purchase more frequently.
"Our Chill Out campaign addresses the need for drinkers to experience pub quality at home by promoting the cold offering through an
on-pack promotion which encourages consumers to collect
tokens from multi-packs of Strongbow as well as our leading lager and ale brands.
"Tokens can be exchanged for a branded 'chiller' glass, which has an inner gel that freezes
in two hours ."
Blueprint: the benefits
The Blueprint planograms produced by the Federation of Wholesale Distributors are designed to help independents maximise sales.
Retailers wanting to capitalise on the cider boom should merchandise cider separately from beers and RTDs, the Blueprint team recommends.
"That means a dedicated fixture or chillers for cider - or block your cider offering clearly in a dairy-deck chiller," the merchandising experts advise. "Seventy-eight per cent of customers go straight to the chillers."
Unsurprisingly, the Blueprint advises retailers to go big on over-ice products like Magners, Bulmers Original, Strongbow Sirrus and Gaymers.
"At the same time, It is very important that the key brands - the everyday ciders - are displayed," it adds.
"Make sure your range is tight but in good availability at all times. That may mean simplifying your value cider range and increasing space for the over-ice or premium brands. Make sure you have a stock of ice in your freezers for purchase in store.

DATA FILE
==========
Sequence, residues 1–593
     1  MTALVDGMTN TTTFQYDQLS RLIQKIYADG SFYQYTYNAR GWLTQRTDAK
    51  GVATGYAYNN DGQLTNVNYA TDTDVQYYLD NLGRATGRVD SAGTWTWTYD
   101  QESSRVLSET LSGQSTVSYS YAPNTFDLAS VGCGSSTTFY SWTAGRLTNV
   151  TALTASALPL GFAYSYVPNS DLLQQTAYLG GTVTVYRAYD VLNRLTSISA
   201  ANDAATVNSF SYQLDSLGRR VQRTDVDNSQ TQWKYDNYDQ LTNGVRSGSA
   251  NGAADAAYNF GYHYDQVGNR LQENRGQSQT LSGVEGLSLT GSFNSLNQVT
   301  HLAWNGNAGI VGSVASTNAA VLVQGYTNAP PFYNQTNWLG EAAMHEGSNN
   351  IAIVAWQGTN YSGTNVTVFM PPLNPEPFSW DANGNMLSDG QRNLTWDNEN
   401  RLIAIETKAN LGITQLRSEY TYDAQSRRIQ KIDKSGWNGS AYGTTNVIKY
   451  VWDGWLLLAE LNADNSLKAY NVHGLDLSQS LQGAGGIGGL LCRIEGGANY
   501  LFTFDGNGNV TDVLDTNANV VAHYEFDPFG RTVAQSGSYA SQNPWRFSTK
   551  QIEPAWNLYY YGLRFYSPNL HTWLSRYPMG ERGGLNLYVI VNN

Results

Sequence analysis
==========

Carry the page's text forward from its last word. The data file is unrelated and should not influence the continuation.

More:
"Recognise that there are regional preferences in the cider category, such as Special Vat and K, so make sure that you are taking advantage of your area's regional tastes."
Planogram maps a true course of success for Whitstone's cider sales
Whitstone Stores is based in the cider country of Devon, but it still took advantage of a Blueprint makeover in an attempt to boost its category sales.
Owner Dan Cock's cider section doubled in size, and has seen sales rise 60% since the shop was overhauled.
"We have taken on board the need to group products logically, position key lines, offer a good choice of chilled stock and keep the shelves looking as full and as well-presented as possible," he says. "Making this extra effort has certainly paid off for us."†
Before the Blueprint makeover, most of the cider was on promotion in stacks on the shop floor. It is now merchandised in large dairy decks, so chilled cider is now always available.†The range was also extended to include more bottled ciders.
"In the first week after the Blueprint team visited the store, cider was up 12%.
In fact, cider sales are now on par with our beer sales," says Cock.†
"We have increased our range significantly and added new brands . Our customers cannot get enough of the pear ciders, which we didn't even consider stocking previously."†
The Blueprint encourages local brands and "manager's choice" slots, which is why Cock has introduced and promoted a local Devon cider, Church Ward.†
"The blocking of the cider in one place has allowed us to place a focus on this category ," he says.†